Since August 2000, sea surface
temperature (SST) anomalies have gradually decreased throughout the equatorial Pacific (Fig. 1). Consistent with this anomalous cooling, the low-level
easterly winds have increased in strength over the central and western equatorial Pacific
and the Southern Oscillation Index (SOI) has significantly increased. The accompanying
pattern of tropical rainfall anomalies, which is drier-than-normal conditions over the
equatorial central Pacific, has also strengthened during this period (Fig.
2). This strengthening of the cold episode conditions is also evident in the
subsurface ocean temperature anomalies, with negative anomalies of at least -3C now
evident in the eastern equatorial Pacific (Fig. 3).
Since 1997, the evolution of many atmospheric and
oceanic indices is remarkably similar to that observed during the 1982-1986 period, when a
strong El Niņo was followed by three years of cooler-than-average- conditions in the
tropical Pacific. Many indices show distinct annual cycles during these cold episode
periods, with the northern winter seasons featuring 1) minima in the SST indices, 2)
maxima in the SOI, and 3) maxima in the low-level easterly and upper-tropospheric westerly
wind anomalies over the central equatorial Pacific (Fig. 4).
The most recent NCEP coupled model and statistical model forecasts, as well as other
available forecasts, indicate that cold episode conditions will weaken during the next 3
months, followed by near-normal conditions during March-May 2001. However, during recent
months each successive forecast has tended to persist the cold episode conditions longer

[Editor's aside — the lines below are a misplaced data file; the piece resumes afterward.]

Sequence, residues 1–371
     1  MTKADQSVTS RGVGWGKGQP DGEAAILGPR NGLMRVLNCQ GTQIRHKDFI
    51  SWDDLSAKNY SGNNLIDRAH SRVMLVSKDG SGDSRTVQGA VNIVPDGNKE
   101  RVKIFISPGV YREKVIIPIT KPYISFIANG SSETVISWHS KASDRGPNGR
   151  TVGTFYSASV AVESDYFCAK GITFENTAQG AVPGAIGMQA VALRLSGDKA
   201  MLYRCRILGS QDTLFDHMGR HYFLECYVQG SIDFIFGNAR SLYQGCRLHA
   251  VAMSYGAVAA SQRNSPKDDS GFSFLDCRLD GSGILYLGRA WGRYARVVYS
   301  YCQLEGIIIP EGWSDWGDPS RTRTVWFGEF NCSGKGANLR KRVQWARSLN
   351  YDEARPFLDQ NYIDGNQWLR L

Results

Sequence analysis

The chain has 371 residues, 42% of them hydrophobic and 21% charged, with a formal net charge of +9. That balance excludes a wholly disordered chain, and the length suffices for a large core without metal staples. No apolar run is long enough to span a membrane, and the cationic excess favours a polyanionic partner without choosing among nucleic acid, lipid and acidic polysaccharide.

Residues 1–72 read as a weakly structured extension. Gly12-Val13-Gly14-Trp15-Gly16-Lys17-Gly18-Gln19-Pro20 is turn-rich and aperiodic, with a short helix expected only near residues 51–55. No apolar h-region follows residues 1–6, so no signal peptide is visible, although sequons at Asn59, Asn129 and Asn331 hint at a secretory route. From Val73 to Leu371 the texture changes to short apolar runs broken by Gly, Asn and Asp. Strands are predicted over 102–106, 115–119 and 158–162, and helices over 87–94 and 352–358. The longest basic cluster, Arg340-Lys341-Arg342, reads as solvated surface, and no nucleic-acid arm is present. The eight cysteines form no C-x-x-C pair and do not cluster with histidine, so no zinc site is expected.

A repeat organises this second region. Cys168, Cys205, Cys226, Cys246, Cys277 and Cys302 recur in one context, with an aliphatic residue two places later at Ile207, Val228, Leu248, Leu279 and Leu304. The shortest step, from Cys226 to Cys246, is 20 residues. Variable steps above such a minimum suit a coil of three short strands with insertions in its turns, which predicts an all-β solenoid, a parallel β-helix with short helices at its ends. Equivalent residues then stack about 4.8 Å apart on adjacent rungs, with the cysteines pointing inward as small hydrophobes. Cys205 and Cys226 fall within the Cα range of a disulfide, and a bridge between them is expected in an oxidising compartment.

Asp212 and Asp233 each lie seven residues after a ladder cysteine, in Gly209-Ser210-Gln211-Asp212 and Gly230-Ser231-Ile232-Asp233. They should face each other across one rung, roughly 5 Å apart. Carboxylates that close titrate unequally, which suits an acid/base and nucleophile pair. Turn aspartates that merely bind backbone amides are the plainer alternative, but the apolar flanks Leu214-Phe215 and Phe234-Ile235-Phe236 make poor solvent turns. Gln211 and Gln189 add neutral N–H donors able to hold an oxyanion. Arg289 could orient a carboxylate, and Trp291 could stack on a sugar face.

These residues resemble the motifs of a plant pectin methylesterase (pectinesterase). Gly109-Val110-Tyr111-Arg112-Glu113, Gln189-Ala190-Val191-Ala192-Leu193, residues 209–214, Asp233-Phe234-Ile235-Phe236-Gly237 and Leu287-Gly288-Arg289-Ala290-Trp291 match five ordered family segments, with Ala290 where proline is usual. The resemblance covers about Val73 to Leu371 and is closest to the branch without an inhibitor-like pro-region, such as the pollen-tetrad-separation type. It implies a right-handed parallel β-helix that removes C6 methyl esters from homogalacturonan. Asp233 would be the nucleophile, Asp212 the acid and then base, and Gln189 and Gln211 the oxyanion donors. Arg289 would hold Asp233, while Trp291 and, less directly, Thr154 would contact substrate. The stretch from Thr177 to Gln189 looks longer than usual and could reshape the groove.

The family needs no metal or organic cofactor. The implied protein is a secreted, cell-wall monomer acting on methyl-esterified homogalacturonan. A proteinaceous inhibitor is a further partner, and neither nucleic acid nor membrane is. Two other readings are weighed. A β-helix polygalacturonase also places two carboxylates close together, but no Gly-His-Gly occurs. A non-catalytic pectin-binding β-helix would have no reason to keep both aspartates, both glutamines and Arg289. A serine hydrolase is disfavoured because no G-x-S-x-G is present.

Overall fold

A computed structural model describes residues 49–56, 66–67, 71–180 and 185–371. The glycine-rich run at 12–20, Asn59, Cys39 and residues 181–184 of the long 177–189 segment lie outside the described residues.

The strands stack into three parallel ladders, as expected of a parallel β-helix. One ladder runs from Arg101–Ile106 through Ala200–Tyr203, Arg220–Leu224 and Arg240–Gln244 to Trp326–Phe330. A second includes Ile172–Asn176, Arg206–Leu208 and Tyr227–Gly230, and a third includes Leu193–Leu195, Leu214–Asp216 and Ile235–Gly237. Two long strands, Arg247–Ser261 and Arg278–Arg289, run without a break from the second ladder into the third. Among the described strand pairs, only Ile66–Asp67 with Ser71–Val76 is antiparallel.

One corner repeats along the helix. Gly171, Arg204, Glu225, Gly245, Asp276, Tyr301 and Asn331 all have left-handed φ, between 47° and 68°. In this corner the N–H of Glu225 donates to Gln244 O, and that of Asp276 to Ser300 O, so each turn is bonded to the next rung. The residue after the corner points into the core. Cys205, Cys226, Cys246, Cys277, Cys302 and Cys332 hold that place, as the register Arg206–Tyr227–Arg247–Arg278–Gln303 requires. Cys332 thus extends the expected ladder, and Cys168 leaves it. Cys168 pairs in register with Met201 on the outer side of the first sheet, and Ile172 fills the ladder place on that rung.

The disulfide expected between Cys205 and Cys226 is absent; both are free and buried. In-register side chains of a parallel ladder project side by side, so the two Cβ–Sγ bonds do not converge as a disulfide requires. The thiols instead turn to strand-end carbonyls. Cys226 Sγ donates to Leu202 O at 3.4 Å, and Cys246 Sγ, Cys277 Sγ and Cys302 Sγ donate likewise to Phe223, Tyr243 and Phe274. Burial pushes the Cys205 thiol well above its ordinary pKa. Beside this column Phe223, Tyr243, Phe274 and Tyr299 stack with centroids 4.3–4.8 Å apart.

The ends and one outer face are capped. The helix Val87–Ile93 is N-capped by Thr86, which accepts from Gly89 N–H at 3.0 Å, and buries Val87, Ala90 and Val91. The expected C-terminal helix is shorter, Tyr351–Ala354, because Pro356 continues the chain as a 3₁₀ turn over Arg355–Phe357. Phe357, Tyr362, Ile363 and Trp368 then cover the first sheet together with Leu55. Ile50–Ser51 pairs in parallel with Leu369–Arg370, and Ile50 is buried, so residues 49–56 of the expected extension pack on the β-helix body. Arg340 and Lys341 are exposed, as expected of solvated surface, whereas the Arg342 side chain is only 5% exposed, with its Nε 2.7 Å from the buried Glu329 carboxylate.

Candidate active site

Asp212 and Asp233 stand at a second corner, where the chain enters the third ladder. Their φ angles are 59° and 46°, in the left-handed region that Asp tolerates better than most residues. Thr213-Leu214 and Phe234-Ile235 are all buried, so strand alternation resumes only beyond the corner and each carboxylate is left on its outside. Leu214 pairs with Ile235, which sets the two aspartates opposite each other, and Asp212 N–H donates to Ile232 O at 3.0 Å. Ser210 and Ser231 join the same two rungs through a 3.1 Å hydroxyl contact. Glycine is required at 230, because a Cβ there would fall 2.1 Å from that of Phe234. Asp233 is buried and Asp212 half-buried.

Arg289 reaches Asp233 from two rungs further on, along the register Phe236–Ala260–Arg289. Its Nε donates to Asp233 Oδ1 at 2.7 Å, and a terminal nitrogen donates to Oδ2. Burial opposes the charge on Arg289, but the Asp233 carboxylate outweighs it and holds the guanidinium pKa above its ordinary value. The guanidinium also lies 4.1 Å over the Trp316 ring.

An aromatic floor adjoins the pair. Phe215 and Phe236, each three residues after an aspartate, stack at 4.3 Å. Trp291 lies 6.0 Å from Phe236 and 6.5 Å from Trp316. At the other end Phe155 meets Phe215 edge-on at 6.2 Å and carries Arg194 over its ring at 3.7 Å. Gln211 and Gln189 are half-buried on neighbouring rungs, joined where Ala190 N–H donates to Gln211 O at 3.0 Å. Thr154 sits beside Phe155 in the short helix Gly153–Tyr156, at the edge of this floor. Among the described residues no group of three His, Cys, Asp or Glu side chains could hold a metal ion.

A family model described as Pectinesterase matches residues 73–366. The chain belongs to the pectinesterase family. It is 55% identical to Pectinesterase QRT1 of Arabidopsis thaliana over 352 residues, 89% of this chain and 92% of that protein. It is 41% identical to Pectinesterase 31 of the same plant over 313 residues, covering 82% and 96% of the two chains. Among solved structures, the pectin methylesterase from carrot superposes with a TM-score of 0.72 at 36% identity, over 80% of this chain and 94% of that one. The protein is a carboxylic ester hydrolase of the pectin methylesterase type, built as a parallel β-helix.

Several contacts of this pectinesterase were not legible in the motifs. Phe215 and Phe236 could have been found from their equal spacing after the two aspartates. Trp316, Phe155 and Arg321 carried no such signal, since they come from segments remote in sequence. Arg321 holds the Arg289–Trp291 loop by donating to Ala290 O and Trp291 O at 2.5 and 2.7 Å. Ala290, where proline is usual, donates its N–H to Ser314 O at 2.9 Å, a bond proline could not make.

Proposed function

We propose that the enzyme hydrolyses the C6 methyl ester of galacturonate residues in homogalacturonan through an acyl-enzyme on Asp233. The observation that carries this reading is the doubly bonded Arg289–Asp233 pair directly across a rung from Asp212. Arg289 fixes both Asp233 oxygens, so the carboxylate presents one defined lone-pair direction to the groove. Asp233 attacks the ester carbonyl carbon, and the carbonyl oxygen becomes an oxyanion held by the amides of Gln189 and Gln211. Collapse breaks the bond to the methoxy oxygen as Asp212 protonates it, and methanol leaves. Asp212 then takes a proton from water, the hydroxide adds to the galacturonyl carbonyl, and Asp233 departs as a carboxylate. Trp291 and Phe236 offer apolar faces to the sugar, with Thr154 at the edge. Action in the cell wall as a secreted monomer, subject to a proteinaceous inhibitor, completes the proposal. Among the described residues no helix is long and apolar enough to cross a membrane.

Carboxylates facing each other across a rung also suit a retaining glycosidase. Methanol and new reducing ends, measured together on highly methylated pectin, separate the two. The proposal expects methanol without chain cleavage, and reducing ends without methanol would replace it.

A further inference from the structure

that previous forecasts, thereby delaying the transition from cold episode to
near-neutral. The lack of any significant eastward shift of the subsurface warm pool in
the western equatorial Pacific during recent months suggests that the cold episode will
linger into the northern spring. Average La Niņa impacts can be expected over Indonesia/
northern Australia, Northeast Brazil and southern Africa (all wetter than normal) during
the next three months. However, due to ongoing Madden-Julian Oscillation (MJO) activity,
there is likely to be considerable temporal rainfall variability in these regions, and
many other tropical and subtropical regions through March 2001.
Weekly updates for SST, 850-hPa wind, and OLR are
available on the Climate Prediction Center homepage
at: http://www.cpc.ncep.noaa.gov (Weekly Update).
Forecasts for the evolution of El Niņo/La Niņa are updated monthly in CPC's
Climate Diagnostics Bulletin Forecast Forum.
This ENSO Diagnostic Discussion, which replaces the ENSO Advisories, will appear
regularly around the 10th of each month on the CPC web site.